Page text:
Good housekeeping in the workshop

Pat Callabyin Machinery & Mechanics
Is your workshop a mess? Are there slippery patches of oil, water or blobs of grease on the floor? Head gaskets tucked behind electrical conduits? Tidy equipment
Are there trip hazards such as jacks, axle stands, welders, gas bottles, grass boxes, laying down boards, spare wheels, oil jugs, gallon containers, small machines waiting for repair, boxes of parts waiting to be unpacked, dead batteries waiting for disposal, electric leads trailing around, extension leads on reels, oil trolley(s), battery chargers, waste oil or fuel filters, seats off golf carts, backlapper or a space heater waiting for colder weather?
Do you have the vice fully open but not being used; cupboard doors or draws open?
Do you have spark arrestors/guards on your bench grinder, eye protection/goggles on display near grinders and gas welders, all the relevant warning signs about wearing this and is that on display?
Is your grinding equipment clean and ready for use with a brush too hand to clean up steel dust? Is the floor painted in the main work area and reasonably clean?

ShelvingIf the answer is NO to all of the above then you are in a right mess, if the answer is NO to most of the above then you are in a mess, if the answer is NO to some of the above then things can easily be improved. Whatever applies to you, you are the one to put it right and it is your responsibility to ensure the workplace is safe. If you work in a mess then your workshop will be treated as a tip by others, cardboard cups/coke cans left on the bench or window sill, cigarette butts squashed on the floor, fruit pips spat out on the bench etc. etc.

For a start you can empty the bin(s) at least there will be somewhere to put your rubbish in, next go round the workshop and bin all the rubbish except that which is categorized as hazardous, next collect all the hazardous rubbish and put in their relevant containers, we all do it, change a fuel filter and leave the spent one on the bench, fit a new grease cartridge and do the same, before long there is quite a collection. Oil or fuel contaminated rags or tissue can accumulate as well but should be disposed of as hazardous waste.

Have a thorough sweep up, clean the grease blobs off the floor and generally prepare it for a coat of paint, choose a colour that allows things to be found that drop on the floor, don't turn the workshop into the Black Hole of Calcutta but at the same time don't choose a colour that requires you to wear sunglasses in mid winter, a light gray is good, but for economy you could mix all the part pots of paint you have found lurking in corners while tidying up and lighten it with white.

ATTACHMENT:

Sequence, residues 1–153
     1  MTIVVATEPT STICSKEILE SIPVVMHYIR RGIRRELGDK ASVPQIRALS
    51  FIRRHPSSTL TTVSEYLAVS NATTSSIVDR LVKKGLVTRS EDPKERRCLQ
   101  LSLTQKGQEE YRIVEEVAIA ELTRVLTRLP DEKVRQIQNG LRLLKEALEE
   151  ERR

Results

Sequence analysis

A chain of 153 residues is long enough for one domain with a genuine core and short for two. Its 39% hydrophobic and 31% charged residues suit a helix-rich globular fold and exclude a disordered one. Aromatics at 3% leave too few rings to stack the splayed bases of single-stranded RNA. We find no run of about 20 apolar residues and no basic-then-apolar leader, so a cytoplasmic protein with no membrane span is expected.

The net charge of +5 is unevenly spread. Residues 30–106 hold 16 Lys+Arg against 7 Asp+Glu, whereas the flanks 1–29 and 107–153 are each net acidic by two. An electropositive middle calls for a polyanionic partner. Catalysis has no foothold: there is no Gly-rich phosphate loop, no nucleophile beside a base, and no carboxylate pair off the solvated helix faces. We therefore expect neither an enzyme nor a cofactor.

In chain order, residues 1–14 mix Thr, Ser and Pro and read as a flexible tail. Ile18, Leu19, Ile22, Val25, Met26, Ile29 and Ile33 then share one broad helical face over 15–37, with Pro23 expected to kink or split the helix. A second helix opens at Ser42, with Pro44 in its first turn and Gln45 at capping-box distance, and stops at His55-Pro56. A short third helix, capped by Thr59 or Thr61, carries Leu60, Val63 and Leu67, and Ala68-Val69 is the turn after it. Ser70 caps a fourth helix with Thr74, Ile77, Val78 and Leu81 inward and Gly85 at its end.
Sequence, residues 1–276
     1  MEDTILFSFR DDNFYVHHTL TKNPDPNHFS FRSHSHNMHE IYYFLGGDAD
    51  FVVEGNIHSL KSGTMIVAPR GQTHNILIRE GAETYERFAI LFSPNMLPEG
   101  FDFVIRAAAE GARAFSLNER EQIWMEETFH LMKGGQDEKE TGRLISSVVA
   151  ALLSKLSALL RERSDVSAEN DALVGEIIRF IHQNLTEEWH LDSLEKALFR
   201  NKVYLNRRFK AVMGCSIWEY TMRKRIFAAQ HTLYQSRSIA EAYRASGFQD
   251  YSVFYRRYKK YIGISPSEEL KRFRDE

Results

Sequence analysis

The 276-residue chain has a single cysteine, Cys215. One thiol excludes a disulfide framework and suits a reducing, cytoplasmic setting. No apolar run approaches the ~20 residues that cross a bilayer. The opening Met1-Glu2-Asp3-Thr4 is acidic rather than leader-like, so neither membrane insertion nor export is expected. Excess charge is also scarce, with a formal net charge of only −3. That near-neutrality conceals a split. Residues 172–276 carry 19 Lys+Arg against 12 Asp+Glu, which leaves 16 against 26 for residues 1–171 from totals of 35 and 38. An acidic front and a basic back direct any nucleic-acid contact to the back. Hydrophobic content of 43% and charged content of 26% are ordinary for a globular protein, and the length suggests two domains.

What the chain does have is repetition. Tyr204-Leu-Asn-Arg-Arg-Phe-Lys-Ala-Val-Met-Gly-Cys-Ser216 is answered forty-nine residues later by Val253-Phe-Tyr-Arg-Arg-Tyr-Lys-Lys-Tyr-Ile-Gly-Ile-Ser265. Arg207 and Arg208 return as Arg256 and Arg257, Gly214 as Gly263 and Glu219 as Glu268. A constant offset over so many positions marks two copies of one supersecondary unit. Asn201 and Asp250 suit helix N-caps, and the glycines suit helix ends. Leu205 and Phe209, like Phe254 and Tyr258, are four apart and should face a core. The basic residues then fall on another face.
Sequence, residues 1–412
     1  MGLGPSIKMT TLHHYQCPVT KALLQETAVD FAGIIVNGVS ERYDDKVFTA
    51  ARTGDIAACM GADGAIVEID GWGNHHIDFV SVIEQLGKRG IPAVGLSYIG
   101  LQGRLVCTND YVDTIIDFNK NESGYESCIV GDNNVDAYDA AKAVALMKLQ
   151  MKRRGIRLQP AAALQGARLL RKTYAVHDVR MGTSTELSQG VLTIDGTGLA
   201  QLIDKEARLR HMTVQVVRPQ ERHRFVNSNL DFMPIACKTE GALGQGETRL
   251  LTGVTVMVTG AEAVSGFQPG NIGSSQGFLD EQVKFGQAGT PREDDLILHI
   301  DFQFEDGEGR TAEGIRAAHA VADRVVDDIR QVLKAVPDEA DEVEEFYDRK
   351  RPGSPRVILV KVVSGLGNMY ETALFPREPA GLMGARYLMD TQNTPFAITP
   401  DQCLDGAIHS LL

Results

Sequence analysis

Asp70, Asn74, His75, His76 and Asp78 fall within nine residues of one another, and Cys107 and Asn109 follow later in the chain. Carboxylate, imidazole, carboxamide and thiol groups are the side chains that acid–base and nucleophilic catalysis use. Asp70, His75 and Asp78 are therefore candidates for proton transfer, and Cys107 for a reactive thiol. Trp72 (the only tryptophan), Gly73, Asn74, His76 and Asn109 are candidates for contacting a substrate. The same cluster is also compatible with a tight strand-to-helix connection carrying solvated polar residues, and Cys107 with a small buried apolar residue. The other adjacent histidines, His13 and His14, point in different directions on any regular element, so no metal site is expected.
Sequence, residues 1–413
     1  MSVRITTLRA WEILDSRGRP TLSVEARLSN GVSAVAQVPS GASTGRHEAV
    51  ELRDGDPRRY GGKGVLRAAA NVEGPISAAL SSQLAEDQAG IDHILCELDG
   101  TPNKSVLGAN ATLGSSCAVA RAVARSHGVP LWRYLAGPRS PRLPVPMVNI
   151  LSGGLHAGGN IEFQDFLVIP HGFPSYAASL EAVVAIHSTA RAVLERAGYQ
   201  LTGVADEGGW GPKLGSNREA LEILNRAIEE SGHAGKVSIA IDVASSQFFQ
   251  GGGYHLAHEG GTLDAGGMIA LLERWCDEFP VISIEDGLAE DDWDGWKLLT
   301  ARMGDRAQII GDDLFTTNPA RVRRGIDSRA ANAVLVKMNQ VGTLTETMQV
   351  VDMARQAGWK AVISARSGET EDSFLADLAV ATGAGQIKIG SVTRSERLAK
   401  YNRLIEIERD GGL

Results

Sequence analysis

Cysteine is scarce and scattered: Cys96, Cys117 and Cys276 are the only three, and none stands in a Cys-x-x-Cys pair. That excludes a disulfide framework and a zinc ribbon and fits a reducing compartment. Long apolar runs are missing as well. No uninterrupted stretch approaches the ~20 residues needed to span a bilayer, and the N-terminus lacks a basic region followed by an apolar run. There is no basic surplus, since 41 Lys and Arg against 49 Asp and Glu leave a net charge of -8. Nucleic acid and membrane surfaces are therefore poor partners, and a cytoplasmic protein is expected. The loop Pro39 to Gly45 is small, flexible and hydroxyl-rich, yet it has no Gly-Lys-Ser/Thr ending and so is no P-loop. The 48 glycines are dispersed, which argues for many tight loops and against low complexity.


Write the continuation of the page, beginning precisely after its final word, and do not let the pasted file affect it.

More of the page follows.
For the actual painting you need to choose a time that allows it to dry at least overnight but preferably longer, Friday afternoon is good if your not working Saturday. Buy a cheap roller without a tray and pour the paint directly on the floor in lines spreading as you go, keep the coat fairly thin to aid drying time and don't allow "puddles" to form in low spots or areas of damage, go right up to the walls but be tidy not sloppy, try not to paint yourself into a corner.
When the paint has dried you can then mark your floor so as to paint an area near the walls a different colour to park your axle stands, jacks, tub of grease or any number of other things that must be on the floor rather than up on shelves. Make it your rule that from now on that is the spot where theTidy floor Marked areasjack is kept and that is where the stands are kept and stick to it, that way you will avoid trip hazards and maximize floor space, it will be more pleasing to the eye and look efficient because that is what it is. This painted "margin" of your workshop cannot be used as a repair area as it's too close to the wall, only the central area is used for repairs so utilize that which can not be used for anything else, as a nice Health & Safety touch the areas can be separated with "hatching" tape, yellow & black or red & white are readily available.

You can see from the pictures that not only equipment is separated but also storage bins are "behind the line", clearly defining the work area. By adopting this method you will find that your working space appears bigger because it is largely uncluttered. As it's always clear it is easily swept up and kept cleaner, giving a more pleasurable and efficient working environment.
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Machinery & mechanics